Pakistan has maintained official silence about the latest rift in the Arab world, loathe to be seen taking sides between Saudi Arabia and Iran. Pakistan also has close ties with Qatar itself, including a 15-year agreement signed last year to import up to 3.75 million tonnes of liquefied natural gas a year from the emirate, a major step in filling Pakistan’s energy shortfall.

“Pakistan has to act very carefully. In my opinion, there is only one option for Pakistan: to stay neutral," said retired army Brigadier Shaukat Qadir, now an independent risk and security analyst.


Pakistan’s recently retired army chief, General Raheel Sharif, traveled to Riyadh in April to lead the Saudi-led Islamic Military Alliance. The stated mission of the multinational alliance is to fight terrorism but it is increasingly seen as anti-Iran.

“There are rumors flying around that Raheel Sharif is pulling out of the Saudi-led military alliance. I hope they are true and he comes back soon,” said Qadir.

Pakistani Prime Minister Nawaz Sharif in January 2016 visited both Riyadh and Tehran along with Shariff, who was then the army chief, in an attempt to bridge the deepening chasm.

Relations between Malaysia and Saudi Arabia have been in the spotlight over the last two years after Saudi Arabia was dragged into a multi-billion dollar corruption scandal at Malaysian state fund lMDB, founded by Najib.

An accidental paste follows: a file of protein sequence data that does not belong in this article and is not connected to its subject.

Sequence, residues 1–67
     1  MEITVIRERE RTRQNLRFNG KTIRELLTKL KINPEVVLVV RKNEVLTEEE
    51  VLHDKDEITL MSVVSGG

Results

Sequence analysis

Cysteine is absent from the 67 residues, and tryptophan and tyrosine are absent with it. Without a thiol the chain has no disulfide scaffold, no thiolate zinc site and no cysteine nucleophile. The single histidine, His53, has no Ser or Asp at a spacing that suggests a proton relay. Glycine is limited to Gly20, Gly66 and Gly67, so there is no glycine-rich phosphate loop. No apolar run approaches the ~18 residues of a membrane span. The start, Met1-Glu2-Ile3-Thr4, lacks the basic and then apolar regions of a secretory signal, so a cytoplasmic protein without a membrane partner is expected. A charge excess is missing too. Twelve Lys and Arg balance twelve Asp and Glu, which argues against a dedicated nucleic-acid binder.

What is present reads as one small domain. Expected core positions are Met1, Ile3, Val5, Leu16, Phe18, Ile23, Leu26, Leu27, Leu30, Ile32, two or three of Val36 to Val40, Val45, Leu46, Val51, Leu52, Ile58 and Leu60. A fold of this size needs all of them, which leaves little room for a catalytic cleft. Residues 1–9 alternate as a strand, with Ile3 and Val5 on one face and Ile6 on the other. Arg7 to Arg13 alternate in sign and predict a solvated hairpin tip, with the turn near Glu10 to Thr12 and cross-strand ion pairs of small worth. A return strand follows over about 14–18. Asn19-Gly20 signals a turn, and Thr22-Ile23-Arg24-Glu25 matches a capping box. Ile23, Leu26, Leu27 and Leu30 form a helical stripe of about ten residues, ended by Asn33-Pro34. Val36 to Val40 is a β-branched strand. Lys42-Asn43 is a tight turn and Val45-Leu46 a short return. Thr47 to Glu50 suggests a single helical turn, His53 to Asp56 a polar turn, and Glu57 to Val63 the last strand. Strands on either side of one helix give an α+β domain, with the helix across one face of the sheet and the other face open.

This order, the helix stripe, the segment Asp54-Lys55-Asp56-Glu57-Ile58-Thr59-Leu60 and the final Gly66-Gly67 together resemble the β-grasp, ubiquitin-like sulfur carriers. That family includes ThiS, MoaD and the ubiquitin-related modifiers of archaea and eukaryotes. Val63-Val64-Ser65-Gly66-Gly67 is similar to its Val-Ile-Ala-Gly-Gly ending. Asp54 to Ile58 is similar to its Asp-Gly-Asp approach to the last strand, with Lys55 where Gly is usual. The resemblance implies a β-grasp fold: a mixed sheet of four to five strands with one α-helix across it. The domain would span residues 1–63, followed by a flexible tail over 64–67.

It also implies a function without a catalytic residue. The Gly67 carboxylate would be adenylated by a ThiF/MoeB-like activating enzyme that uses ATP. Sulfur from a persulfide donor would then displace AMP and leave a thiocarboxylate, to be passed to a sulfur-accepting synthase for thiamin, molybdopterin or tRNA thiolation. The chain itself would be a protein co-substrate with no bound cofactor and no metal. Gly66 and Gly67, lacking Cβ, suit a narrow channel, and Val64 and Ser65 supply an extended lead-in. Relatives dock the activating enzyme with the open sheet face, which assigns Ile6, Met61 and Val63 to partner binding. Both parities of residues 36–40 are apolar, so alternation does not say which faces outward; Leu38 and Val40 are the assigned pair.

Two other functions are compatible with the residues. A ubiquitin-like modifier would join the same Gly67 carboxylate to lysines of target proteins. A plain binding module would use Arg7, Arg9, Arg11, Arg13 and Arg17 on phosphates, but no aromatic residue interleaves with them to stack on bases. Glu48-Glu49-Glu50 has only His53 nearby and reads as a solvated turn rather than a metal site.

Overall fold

Najib has denied any wrongdoing in the money-laundering case which is now being investigated by several countries including the U.S, Switzerland and Singapore.

During King Salman's visit to Malaysia, Saudi oil giant Aramco [IPO-ARMO.SE] agreed to buy a $7 billion equity stake in Malaysian state energy firm Petronas' major refining and petrochemical project. [nL3N1GD2WX]

But Qatar has also invested between $12 billion and $15 billion in Malaysia, according to media reports.

RSIS' Dorsey said non-Arab Muslim countries like Malaysia would be "put on the spot" if the Saudis demand that its trade partners pick a side.

"They (Malaysia) can say either I do business with you, or say I'm not going to make that choice. Then the question would be how would the Saudis or the UAE respond to that," Dorsey said. "But we're not there yet, and there's no certainty that it will get there."

(The story corrects country in last quote from Qatar to UAE)

(Additional reporting by John Chalmers, Joseph Sipalan, Kay Johnson and Fergus Jensen; Editing by Bill Tarrant)



Pentagon report singles out Pakistan as home of future Chinese military base

June 7, 2017